It’s not easy to rattle Dr. Nicholas Wolter, CEO of Billings Clinic. But he was admittedly “flustered” this week when he received a standing ovation from his peers as they acknowledged his 30 years of service to the organization.
“I felt like Jon Stewart all the sudden,” Wolter quipped after the deafening applause subsided.
Wolter, 64, was one of several employees recognized for service this week during the hospital’s quarterly awards presentation. The beloved leader, known for his trademark humility, was showered with accolades from Dr. J. Scott Millikan, chair of the Billings Clinic board of directors, and Kristianne Wilson, executive director for health policy at the hospital.
Millikan described him as a “great physician” who always has patients, their families and employees at the forefront. He praised Wolter for having the “steadiness of doing the right thing.”
Wilson likened him to an architect, someone who is “motivated by big ideas.” She praised him for his work and recognition on the local, state, regional and national levels.
Wolter was recognized by the American Medical Group Association in 2004 as Physician Executive of the Year. Modern Healthcare named him one of the 100 Most Influential People in Health Care in 2010 and 2011. Modern Physicians identified him as one of the 50 Most Influential Physicians in Health Care in 2011 and 2012.
His 15-year tenure as the chief administrator of Billings Clinic is nearly three times as long as the national average. The average is slightly more than 5.5 years, according to a recent report prepared for the American College of Healthcare Executives.
The former prep school teacher-turned-physician sought employment at the hospital in 1982, attracted by the structure of its multispecialty group practice. It didn’t take long before the young doctor began to make his presence known.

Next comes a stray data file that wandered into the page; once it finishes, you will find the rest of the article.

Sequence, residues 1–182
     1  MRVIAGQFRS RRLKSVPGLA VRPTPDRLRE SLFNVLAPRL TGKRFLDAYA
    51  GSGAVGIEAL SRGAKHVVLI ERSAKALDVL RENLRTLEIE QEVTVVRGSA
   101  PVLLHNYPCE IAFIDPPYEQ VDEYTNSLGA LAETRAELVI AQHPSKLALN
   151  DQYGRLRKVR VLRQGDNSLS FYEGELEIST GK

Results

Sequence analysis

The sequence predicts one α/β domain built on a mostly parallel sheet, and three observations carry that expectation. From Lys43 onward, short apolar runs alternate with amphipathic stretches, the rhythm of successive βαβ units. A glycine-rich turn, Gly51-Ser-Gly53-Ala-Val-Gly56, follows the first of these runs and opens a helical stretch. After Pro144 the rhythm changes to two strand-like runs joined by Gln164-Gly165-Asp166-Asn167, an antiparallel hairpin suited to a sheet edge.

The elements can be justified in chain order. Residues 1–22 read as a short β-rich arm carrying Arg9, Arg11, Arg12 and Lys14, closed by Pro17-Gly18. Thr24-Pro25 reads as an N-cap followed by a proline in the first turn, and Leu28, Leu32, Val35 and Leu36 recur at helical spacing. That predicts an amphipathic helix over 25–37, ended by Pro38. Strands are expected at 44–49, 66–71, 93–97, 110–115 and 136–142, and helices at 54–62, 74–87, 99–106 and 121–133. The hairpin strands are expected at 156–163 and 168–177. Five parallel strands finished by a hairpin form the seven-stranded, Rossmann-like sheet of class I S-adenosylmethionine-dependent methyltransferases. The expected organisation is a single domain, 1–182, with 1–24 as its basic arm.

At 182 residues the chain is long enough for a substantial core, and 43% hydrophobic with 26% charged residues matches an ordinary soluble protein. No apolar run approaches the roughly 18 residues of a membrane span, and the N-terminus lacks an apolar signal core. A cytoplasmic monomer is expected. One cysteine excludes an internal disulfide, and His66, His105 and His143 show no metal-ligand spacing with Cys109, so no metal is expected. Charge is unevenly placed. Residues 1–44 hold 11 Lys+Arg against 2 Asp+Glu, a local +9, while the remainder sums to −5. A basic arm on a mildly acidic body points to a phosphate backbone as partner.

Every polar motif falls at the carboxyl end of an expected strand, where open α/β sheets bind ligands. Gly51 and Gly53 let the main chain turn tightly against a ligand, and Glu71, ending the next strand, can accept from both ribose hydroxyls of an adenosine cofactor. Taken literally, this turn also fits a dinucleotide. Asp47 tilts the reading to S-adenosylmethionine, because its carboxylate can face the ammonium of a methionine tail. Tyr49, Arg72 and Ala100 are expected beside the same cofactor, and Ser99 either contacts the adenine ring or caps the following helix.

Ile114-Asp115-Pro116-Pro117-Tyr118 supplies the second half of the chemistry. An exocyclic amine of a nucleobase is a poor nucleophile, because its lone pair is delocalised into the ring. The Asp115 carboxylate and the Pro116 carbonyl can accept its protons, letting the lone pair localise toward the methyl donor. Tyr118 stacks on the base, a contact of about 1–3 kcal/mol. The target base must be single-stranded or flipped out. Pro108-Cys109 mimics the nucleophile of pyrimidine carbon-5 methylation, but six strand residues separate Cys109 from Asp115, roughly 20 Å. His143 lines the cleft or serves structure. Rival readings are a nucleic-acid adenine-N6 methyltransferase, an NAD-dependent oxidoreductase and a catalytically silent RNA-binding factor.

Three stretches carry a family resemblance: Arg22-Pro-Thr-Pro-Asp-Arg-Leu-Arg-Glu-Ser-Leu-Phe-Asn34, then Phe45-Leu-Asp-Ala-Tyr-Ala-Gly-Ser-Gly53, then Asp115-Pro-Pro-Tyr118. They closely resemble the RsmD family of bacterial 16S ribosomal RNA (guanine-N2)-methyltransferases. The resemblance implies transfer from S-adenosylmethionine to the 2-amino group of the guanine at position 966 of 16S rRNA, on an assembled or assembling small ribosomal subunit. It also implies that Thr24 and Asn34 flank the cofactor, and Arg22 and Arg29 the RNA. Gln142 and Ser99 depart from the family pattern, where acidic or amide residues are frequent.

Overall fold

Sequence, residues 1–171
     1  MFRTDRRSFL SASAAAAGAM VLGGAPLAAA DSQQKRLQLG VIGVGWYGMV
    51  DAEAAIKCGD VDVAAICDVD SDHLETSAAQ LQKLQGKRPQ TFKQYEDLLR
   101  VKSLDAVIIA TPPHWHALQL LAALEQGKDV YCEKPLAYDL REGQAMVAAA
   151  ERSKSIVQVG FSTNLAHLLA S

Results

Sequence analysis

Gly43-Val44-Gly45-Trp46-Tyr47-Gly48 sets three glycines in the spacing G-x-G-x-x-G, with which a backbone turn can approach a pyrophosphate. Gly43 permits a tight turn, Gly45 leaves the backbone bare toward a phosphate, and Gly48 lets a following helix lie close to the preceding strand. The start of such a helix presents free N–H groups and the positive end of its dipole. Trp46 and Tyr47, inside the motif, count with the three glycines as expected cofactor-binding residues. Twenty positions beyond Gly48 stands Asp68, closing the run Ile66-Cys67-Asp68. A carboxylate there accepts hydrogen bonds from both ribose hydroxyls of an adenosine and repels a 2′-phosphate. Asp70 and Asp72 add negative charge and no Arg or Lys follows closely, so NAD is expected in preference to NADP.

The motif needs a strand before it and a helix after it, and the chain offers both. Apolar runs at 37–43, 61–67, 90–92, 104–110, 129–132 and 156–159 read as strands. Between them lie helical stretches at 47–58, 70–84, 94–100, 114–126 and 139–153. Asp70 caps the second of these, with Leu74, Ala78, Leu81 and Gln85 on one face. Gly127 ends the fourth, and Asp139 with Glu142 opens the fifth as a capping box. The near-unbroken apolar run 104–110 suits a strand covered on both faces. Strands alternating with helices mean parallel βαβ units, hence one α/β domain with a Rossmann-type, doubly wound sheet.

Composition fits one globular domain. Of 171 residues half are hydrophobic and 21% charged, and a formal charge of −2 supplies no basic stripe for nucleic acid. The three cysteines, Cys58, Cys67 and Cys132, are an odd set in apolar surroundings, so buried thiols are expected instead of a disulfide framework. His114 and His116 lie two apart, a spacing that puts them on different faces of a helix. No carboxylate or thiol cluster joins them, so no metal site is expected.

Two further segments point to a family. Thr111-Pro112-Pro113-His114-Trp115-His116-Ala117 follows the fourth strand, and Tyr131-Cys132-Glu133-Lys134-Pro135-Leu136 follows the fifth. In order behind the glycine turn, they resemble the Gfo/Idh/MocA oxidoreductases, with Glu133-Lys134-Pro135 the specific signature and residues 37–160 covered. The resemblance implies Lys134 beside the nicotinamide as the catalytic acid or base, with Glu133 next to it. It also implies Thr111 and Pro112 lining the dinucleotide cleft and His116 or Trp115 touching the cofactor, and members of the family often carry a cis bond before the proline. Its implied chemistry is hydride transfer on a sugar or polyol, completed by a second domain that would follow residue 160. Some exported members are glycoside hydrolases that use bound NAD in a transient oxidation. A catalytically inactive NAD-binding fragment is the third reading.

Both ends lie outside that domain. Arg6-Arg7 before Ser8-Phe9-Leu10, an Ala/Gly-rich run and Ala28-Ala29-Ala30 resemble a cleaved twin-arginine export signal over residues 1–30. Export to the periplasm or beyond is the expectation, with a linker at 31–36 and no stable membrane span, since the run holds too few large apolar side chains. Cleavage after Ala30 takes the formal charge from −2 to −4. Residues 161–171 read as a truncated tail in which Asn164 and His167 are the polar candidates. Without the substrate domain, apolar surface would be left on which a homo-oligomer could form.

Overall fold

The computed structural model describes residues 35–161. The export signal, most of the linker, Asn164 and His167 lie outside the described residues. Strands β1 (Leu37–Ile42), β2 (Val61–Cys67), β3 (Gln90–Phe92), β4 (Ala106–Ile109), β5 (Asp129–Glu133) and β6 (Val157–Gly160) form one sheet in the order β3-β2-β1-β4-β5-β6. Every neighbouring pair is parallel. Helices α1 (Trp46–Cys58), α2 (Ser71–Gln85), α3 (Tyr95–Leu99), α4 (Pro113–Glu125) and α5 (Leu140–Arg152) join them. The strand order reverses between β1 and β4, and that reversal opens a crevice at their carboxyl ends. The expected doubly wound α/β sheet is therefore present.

He was the first medical director of critical care for the clinic and expanded services for people with cystic fibrosis. He would later become director of respiratory therapy and along the way, find time to volunteer his medical services at free migrant worker clinics in the Billings area.
Though he had no designs on getting involved in administration, he was named chair of the clinic’s executive committee and ultimately played a pivotal role in the integration of Billings Clinic and Deaconess Medical Center.
When the two entities were combined in 1997, the board of directors asked him to become CEO. He was the first physician to be named CEO of a Montana hospital.
During his administration, Billings Clinic has become the largest health care organization in Montana, with more than half a billion dollars in annual net revenues. With 3,500 employees, including 240 physicians and 400 inpatient nurses, Billings Clinic is the city’s largest employer. It also provides the greatest dollar amount of charity care in the state and has gained a reputation nationally as a leader in patient safety, quality and service.